World Bank sees 2.7 pc growth in 2021 for SSA, lower than expected

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IN a first report on global economic prospects for 2021, issued on January 5, the World Bank forecasted a slow recovery for sub-Saharan Africa with a growth rate seen at 2.7 percent for the year. The figure is below the initial June 2020 forecast of 3.1 percent for 2021.

The institution said the downward revision in growth for this part of Africa is due to the harsh effects that the coronavirus pandemic has had on many economies in the region. According to official figures, Covid-19 is expected to drop per capita income by 0.2 percent this year, making it even harder for emerging countries to achieve the sustainable development goals. The scenario would push tens of millions of people into extreme poverty, World Bank worries.

A good note in the report is the gradual improvement in exports within SSA, thanks to the resumption of activities with main trade partners driven by ‘encouraging announcements in terms of the formulation and deployment of Covid-19 vaccines as well as new fiscal stimulus packages’; although consumption and private investment could take longer to recover.

After they suffered strong decline in growth last year due to the pandemic, Nigeria (-4.1 percent) and South Africa (-7.8 percent), the continent’s two largest economies, are forecasted to post slight improvement by 1.1 percent and 3.3 percent in 2021.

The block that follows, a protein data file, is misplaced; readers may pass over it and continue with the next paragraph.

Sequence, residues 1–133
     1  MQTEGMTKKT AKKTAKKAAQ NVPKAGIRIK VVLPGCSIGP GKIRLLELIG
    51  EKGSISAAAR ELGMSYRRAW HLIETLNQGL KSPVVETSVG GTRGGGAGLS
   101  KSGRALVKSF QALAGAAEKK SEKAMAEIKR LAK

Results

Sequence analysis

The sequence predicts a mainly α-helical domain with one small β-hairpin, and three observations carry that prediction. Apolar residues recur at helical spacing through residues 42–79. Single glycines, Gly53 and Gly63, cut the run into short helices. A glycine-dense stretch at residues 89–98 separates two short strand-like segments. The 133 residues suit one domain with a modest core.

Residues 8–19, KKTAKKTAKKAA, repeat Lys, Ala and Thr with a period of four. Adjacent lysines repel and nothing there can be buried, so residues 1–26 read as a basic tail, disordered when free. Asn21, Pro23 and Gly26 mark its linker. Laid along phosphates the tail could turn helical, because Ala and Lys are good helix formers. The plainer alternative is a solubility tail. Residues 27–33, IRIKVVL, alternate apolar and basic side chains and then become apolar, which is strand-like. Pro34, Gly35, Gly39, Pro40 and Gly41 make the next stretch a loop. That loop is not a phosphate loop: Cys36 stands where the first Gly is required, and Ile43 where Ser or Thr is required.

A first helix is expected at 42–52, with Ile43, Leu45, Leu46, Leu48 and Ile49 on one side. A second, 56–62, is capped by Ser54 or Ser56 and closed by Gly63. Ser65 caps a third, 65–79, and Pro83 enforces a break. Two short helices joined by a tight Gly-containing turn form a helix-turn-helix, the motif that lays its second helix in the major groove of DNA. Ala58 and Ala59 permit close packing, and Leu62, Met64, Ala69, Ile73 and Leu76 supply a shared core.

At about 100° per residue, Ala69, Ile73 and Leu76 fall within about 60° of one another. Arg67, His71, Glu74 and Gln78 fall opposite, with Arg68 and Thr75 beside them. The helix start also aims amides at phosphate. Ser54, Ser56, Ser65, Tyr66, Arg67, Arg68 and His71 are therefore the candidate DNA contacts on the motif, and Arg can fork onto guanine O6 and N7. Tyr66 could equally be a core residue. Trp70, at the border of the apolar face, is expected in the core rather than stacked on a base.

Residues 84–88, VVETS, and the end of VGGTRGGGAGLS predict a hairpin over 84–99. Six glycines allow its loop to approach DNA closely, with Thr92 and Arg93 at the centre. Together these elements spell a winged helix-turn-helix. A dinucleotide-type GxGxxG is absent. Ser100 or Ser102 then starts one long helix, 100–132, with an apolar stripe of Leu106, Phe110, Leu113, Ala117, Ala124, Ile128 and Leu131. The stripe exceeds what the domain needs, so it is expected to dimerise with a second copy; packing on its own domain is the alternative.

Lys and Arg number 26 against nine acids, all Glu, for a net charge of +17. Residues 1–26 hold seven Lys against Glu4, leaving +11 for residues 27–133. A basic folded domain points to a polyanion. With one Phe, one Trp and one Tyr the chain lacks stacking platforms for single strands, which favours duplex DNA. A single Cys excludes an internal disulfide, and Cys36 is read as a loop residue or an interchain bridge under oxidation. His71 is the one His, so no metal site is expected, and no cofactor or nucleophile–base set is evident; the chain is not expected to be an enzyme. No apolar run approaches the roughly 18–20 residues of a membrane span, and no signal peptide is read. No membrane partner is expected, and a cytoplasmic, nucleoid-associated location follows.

A recovery threatened by downside risks
According to the World Bank, the outlook for sub-Saharan Africa is exposed to several downside risks. These include the possibility of lower-than-expected growth in major trading partners.

The institution also fears that large-scale distribution of a covid-19 vaccine in the region will face many obstacles, including inadequate transport infrastructure and the weakness of health systems.

‘These difficulties, further compounded by natural disasters, such as the recent floods that caused considerable damage, and increased insecurity, particularly in the Sahel, could delay recovery,’ the World Bank said.

Finally, public debt, which has risen significantly in the region to an estimated 70 percent of GDP on average over the past year, is contributing to heightened concerns about debt sustainability in some countries.

A heavier-than-expected Covid-19 impact in 2020
According to the latest available estimates published in the report, output in Sub-Saharan Africa contracted by 3.7 percent last year due to Covid-19 and lockdown-induced economic disruptions.

This downturn in economic activity in the region over the past year is much greater than the World Bank’s June 2020 projections of 2.8 percent of GDP. Per capita income went down by 6.1 percent in 2020 and the average standard of living fell back to the level recorded more than a decade ago in a quarter of the region’s countries, the report says.

The most affected countries are those where the pandemic has hit the hardest (South Africa), those heavily dependent on the travel and tourism sectors (Cape Verde, Ethiopia, Mauritius, Seychelles) and those that export commodities, especially oil (Nigeria, Angola, Republic of Congo, Equatorial Guinea, South Sudan).

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